He basically just acted invasive and said I should be eavesdropping (lol).

    I think you should ask your boss, you might not get a good answer (I don’t think you will, because he seems like a child), but you will get insight. My insight was I didn’t want to work there anymore, because I got vague nonsense and felt I couldn’t improve.

    1. ThisColumnMakesMeGratefulForMyBoss*

      You weren’t eavesdropping jeez. When I’ve worked in large offices, I usually tell people that if they’re speaking loud enough for me to hear, be prepared for me to offer my 2 cents. You did the right thing by telling him what you heard, and he had no business being a manager if his first line of defense was to get defensive. Glad you got out of there.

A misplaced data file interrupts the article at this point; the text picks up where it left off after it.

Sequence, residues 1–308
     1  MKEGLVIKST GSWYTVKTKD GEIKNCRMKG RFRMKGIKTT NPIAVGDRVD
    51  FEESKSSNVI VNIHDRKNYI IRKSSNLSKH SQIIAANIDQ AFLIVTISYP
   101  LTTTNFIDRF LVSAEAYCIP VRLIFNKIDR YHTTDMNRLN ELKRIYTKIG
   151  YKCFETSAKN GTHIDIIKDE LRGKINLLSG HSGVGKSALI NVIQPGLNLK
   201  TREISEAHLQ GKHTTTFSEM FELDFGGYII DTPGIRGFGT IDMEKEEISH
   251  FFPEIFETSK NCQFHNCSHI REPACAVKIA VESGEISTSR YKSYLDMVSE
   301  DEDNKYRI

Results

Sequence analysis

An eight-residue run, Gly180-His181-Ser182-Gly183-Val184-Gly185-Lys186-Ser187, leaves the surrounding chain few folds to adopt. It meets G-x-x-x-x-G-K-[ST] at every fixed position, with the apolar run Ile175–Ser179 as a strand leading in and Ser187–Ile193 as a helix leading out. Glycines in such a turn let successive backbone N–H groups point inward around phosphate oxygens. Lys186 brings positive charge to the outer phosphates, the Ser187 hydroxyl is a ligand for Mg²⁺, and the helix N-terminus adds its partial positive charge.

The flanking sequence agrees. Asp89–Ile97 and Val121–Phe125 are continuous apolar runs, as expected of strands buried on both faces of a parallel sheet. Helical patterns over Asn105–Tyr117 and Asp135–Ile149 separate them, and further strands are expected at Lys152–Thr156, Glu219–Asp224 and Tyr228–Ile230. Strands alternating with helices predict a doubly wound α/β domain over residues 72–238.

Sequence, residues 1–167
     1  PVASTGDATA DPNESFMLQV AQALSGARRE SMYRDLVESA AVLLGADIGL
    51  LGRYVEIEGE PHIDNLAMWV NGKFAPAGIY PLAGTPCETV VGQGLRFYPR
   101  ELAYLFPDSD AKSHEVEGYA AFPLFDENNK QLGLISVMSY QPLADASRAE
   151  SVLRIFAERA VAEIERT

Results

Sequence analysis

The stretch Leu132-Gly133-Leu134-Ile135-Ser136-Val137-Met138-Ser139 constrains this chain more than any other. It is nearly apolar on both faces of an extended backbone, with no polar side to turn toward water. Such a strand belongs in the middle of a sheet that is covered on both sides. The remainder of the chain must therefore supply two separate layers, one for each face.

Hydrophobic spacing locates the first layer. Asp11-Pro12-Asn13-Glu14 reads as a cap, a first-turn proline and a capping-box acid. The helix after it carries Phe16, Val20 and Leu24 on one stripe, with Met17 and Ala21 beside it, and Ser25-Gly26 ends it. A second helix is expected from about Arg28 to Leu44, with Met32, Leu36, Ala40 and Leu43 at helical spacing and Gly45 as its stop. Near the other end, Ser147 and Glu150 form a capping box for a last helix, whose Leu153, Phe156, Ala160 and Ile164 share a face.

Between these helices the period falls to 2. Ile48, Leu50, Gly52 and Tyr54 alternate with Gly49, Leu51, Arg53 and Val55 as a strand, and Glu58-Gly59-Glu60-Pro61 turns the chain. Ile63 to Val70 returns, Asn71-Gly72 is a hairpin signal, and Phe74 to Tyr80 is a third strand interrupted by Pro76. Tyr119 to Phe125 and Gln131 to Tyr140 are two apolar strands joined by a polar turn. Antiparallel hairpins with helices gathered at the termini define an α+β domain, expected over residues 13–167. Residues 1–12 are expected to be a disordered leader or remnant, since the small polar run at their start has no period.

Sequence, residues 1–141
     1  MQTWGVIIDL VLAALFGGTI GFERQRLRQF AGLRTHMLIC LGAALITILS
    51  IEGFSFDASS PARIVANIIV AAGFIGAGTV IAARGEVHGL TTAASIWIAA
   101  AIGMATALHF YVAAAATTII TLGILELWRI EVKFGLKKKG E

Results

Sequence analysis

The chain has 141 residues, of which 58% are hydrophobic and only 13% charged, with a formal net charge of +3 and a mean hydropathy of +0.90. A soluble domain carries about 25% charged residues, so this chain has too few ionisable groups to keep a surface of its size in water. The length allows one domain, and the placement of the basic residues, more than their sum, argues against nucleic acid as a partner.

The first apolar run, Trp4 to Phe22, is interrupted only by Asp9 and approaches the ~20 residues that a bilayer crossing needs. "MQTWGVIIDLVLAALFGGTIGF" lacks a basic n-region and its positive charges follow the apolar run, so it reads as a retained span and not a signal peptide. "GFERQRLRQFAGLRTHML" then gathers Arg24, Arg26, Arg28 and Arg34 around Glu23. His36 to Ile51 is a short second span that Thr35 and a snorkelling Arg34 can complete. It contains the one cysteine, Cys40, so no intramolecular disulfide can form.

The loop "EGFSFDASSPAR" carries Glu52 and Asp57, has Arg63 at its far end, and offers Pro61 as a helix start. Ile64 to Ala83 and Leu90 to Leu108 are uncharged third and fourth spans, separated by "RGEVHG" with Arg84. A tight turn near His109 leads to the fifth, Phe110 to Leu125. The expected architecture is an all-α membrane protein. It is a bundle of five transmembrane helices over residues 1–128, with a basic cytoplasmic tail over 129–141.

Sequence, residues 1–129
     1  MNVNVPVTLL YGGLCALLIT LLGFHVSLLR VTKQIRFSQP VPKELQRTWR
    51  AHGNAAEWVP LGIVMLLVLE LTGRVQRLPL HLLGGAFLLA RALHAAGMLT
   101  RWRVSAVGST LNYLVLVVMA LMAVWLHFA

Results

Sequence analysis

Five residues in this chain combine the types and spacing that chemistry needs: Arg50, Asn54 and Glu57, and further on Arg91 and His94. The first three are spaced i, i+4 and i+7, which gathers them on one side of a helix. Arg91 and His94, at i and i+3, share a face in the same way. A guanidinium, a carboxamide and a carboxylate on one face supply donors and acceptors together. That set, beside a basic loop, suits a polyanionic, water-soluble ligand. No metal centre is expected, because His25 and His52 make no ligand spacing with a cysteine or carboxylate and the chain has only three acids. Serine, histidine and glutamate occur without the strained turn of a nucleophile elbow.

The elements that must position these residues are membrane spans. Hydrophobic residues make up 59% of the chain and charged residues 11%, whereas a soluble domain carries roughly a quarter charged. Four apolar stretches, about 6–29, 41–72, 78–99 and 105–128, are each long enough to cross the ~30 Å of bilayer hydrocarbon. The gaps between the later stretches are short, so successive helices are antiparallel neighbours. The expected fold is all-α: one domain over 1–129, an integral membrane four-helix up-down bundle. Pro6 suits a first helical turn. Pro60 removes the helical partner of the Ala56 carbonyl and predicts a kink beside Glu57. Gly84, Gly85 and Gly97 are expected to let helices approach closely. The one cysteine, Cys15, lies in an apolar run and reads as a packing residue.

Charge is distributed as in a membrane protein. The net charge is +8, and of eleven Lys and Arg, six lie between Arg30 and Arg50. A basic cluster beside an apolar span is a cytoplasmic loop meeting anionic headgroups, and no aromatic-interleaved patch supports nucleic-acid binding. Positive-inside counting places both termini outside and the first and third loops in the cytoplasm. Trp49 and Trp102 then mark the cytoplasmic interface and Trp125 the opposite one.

11. Jennifer*

    I don’t think the boss is the sexist devil incarnate, but a wuss that can’t sit down with one of his employees and give direct feedback. I’m baffled by how many people like this decide management is for them.

    It’s going to be a mad awkward convo, but you should talk to him. If you like the job otherwise, it would be a shame to leave because of this.

    1. dramallama*

      Or somebody who not only can’t suck it up and apologize to one of his employees after humiliating them at a meeting, but has doubled-down to depriving them of opportunities because he’s to embarrassed to speak to them. To me that’s the most disgraceful part of this.

      1. Jennifer*

        Wussy behavior all around.